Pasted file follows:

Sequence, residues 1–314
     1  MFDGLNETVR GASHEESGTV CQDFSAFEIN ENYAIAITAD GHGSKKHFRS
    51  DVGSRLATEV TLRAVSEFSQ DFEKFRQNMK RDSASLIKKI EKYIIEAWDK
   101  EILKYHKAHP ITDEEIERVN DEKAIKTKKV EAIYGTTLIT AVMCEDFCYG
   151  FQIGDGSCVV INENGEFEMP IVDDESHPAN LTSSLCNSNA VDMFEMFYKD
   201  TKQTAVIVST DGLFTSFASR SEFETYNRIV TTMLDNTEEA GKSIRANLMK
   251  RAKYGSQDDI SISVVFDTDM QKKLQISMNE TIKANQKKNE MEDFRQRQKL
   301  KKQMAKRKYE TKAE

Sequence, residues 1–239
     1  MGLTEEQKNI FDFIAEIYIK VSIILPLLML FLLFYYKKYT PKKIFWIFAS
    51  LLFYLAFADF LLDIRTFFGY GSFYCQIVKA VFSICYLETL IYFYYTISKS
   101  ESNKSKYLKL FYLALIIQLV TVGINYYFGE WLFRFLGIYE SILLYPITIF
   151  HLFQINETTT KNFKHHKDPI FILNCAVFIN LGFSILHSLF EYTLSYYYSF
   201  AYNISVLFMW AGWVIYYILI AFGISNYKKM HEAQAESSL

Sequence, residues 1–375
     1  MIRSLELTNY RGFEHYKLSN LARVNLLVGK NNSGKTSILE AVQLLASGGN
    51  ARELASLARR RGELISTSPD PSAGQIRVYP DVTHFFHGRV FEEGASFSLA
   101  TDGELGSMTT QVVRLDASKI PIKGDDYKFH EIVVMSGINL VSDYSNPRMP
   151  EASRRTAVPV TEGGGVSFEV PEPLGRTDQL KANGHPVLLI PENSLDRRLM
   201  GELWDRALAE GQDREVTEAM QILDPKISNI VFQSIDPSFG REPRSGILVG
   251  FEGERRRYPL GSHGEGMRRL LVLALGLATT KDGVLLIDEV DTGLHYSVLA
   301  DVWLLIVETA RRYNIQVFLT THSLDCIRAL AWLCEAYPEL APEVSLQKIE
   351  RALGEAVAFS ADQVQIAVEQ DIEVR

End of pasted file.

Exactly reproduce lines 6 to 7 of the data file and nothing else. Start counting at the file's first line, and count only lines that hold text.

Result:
   201  TKQTAVIVST DGLFTSFASR SEFETYNRIV TTMLDNTEEA GKSIRANLMK
   251  RAKYGSQDDI SISVVFDTDM QKKLQISMNE TIKANQKKNE MEDFRQRQKL